Your Opinion Doesn’t Matter. Protests Matter.

Black Lives Matter protests: How focus differs between US and UK | UK News | Sky News

           Your opinion doesn’t matter—not by itself. No matter how heartfelt or important to you personally, your thoughts about Gaza or legal weed or the war on skinny jeans don’t mean anything merely because they reside inside your brain.

Your opinion matters only if you express it. Expression of an opinion doesn’t change anything unless it’s done effectively. Opinions expressed en masse, alongside others who share your views, are more likely to effect change—but that’s not enough to move the needle. What changes policy, what improves lives for the foreseeable future, what makes history on a radical scale, is a sustained mass movement that expresses an opinion so aggressively that the ruling classes are forced to change course or risk losing their power and privilege to revolutionary overthrow.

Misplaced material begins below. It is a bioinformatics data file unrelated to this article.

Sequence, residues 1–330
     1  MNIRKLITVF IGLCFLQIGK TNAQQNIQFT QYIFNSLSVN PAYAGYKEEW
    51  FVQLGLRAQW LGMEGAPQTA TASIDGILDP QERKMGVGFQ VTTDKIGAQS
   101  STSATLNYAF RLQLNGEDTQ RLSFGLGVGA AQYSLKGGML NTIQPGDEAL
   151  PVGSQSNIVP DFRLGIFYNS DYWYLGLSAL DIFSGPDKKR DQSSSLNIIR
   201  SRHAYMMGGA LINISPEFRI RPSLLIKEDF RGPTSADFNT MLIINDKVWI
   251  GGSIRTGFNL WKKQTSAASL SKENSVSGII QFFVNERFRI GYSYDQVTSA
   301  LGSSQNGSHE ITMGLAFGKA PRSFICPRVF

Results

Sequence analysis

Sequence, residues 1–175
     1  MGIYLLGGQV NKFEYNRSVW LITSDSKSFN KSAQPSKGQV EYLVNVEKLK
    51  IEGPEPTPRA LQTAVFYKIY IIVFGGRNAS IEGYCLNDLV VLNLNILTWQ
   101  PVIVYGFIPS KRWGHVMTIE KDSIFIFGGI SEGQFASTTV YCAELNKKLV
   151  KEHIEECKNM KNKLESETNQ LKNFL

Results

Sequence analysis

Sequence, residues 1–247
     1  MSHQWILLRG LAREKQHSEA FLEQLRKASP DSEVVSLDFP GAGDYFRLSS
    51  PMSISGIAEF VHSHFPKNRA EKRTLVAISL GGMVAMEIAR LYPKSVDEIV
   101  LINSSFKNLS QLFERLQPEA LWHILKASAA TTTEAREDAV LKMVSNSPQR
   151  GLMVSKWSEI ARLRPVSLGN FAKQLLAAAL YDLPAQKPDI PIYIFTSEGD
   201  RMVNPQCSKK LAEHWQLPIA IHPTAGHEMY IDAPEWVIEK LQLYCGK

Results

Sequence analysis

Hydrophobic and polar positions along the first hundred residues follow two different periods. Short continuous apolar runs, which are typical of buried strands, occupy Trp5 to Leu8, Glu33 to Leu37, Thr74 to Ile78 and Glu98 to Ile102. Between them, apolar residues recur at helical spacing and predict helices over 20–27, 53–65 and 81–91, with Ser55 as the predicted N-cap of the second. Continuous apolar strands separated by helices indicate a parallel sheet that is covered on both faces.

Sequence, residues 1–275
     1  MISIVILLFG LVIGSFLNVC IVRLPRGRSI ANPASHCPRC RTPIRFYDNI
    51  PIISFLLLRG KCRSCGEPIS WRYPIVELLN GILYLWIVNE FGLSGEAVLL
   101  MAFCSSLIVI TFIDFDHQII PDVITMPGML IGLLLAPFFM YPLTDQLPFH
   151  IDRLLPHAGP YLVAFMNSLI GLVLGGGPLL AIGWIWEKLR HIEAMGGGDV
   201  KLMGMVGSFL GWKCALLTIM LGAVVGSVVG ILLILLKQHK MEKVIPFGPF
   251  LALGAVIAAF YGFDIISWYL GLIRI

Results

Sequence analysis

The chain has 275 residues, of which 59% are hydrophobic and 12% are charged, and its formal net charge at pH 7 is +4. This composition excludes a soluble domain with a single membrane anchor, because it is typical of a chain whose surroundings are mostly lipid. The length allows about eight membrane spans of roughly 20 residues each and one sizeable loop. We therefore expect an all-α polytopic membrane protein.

American liberals and leftists have strong opinions on a variety of issues. But they express them on the couch or online rather than in the streets, where it matters. On the rare occasion when we venture into the public sphere, our protests are usually sporadic and unsustained, like the annual anti-Trump women’s marches with the pink pussy hats or militantly nonviolent, like the antiwar protests leading up to the 2003 U.S. invasion of Iraq. Neither had any effect. Leftie demonstrations rarely assume the dangerous character required to scare the powers that be: violent, or nonviolent while brandishing a credible threat of violence.